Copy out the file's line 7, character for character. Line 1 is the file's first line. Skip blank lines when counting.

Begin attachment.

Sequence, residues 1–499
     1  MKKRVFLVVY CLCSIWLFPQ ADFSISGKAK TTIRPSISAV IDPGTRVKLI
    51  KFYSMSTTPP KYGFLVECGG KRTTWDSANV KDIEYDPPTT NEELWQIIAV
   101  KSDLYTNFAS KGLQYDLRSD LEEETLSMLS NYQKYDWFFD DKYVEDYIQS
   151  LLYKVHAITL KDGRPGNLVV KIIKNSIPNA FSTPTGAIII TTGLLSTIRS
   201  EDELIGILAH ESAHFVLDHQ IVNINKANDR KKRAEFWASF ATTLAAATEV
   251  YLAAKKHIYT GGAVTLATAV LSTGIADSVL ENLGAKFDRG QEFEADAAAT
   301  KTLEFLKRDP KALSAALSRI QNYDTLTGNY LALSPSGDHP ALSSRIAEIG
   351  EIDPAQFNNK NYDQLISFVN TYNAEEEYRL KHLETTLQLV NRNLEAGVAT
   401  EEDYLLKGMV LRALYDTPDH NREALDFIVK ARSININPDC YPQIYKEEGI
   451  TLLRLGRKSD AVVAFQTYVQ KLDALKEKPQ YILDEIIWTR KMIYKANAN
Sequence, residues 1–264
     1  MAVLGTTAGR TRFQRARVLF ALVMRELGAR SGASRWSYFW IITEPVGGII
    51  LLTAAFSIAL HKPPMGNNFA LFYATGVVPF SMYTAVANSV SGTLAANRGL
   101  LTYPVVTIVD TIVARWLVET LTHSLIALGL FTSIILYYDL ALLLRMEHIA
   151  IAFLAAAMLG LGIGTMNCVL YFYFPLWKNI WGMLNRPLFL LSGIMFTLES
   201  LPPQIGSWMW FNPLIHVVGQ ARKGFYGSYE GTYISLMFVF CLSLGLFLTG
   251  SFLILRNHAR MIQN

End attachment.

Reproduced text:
   251  YLAAKKHIYT GGAVTLATAV LSTGIADSVL ENLGAKFDRG QEFEADAAAT